During that long wait (it seemed very long) I listened to my growing record collection almost daily. The Planxty sleeve notes mentioned pipers such as Séamus Ennis and Willie Clancy and my quest grew from there. Ennis made a radio broadcast on St Patrick’s Day, 1974, most of which I recorded.
This has been posted on Youtube in separate tracks under https://www.youtube.com/channel/UCXFRorYMVOBbK3-Y6EbQfjA
This introduced me to the piping of Paddy Keenan, the fiddle playing of James Kelly and Paddy Glackin, and the flute playing of Peg McGrath. I picked up a copy of Ennis’ LP The Pure Drop which became my daily ritual. ‘The Drones and the Chanters’ added greatly to my listening library and Clancy’s piping made a deep impression.
Around this time I first came across Paddy Conneely in O’Neill’s Irish Minstrels and Musicians back in December 1974. It was a reissue of a book published in 1913 in Chicago. The title aroused my curiosity but I could hardly believe my eyes when I opened up the tome and beheld its contents – almost my ideal book. The pages were filled with photos of pipers long dead but many of them the carriers of the piping tradition into the 20th century. I remember checking myself to see if I was dreaming. I pored over the pages, learning the history of piping according to the author Francis O’Neill.
I attended the piping tionól in Kiltegan in 1975 and it was quite an eye-opening experience. Young Mick O’Brien was the wunderkind and I recorded a few tracks from him on both pipes and whistle. He was playing wonderfully well even then. It was there also that I met Seán Reid, appropriately enough at the reed-making table.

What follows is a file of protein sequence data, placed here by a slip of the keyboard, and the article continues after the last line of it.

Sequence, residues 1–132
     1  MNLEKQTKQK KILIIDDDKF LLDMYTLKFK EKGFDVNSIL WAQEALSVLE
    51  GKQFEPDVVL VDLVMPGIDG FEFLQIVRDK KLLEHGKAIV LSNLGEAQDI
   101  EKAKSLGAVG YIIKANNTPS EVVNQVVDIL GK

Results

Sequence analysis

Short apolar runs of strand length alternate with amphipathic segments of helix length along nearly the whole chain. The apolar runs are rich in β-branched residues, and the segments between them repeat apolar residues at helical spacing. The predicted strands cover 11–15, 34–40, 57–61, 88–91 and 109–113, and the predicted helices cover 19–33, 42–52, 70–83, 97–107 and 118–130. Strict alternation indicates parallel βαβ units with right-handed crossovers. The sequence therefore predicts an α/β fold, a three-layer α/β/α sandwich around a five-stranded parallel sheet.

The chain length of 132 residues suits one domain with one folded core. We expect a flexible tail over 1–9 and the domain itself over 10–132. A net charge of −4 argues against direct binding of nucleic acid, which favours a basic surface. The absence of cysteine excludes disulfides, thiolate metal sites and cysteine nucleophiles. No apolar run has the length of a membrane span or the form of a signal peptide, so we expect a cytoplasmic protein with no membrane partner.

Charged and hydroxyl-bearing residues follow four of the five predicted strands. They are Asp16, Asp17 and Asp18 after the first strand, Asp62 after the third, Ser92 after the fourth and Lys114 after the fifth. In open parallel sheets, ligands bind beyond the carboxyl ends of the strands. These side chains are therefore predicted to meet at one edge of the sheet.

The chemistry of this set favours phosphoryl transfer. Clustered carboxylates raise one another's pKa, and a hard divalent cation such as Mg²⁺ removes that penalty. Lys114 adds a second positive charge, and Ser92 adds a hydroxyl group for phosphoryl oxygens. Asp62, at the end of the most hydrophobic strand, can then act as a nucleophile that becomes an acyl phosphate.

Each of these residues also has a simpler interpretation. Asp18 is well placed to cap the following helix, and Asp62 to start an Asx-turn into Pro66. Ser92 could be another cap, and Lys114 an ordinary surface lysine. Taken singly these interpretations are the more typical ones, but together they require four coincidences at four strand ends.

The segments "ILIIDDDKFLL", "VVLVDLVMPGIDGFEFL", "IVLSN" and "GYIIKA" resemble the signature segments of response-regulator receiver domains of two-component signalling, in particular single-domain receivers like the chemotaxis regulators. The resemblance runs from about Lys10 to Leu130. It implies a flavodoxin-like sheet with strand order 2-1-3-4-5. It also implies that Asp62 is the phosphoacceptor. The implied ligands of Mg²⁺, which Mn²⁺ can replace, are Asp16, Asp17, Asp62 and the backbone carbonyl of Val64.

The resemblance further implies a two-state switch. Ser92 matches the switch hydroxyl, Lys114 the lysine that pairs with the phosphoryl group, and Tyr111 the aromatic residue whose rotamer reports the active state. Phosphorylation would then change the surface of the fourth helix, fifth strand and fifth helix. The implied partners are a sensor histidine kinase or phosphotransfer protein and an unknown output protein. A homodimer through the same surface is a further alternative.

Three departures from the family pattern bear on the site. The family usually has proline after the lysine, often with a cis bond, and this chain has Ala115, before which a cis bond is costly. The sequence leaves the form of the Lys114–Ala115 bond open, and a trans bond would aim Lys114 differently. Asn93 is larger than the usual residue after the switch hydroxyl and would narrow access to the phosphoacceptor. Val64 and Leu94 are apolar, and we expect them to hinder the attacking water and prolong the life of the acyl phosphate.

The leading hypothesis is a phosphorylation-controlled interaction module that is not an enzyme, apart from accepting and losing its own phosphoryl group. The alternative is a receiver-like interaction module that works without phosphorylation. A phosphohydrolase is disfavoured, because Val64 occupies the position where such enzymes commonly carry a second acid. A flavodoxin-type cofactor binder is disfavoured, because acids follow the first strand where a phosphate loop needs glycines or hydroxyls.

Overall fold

Anyway, a few weeks later, there was a small tionól held in Tramore and, over the weekend, on the 24th of May 1975, Brian Gallagher gave me a beautiful reed for my Matt Kiernan C chanter – and this life began!
I later taught the advanced uilleann pipes class at the Willie Clancy Summer School from 1977 to 1980 and sporadically after that for a few years. I began teaching there again about five years ago and enjoy it immensely. My ‘recording career’ began as one of seven contributors to an album of young pipers. This recording (The Pipers’ Rock) is now considered a bit of a classic.
As a member of the group Scullion I recorded on the first album and toured Ireland, Germany, Belgium and Holland. A number of years later I was invited to play with James Kelly on his album The Ring Sessions. In December 1996 I released a solo recording entitled Seán Reid’s Favourite. This recording features a selection of favourite tunes played on two very old sets of pipes; one pitched in D and the other in B. The title comes from a tune named (by Willie Clancy) after Seán Reid (1907-1978) who very kindly gave me the old B set of Colgan pipes on loan for life. A track from this CD (‘Dark Lochnagar’), was selected by the actor Ewen McGregor, as his all-time favourite, on an BBC radio program ‘Desert Island Discs’ a number of years ago.
I teach part-time at Waterford Institute of Technology where I got my primary degree, but have taught in several third level institutions around Ireland, including UCD and the University of Limerick where I did my Ph.D. on the music of Paddy Conneely, the blind piper of Galway (c.1800 – 1851). As a performer I have played around Mainland Ireland, Europe (France, Italy, Denmark, Germany, Belgium, the Netherlands, Spain and Poland), Japan, as well as Australia and New Zealand and, of course, the USA and Canada. A few years ago I was invited to play for St. Patrick’s Day, in the Seychelles, in the Indian Ocean – piping in paradise! To enquire about concerts, skype lessons, and master classes please email me jimmyobm at gmail.com
Jimmy O’Brien Moran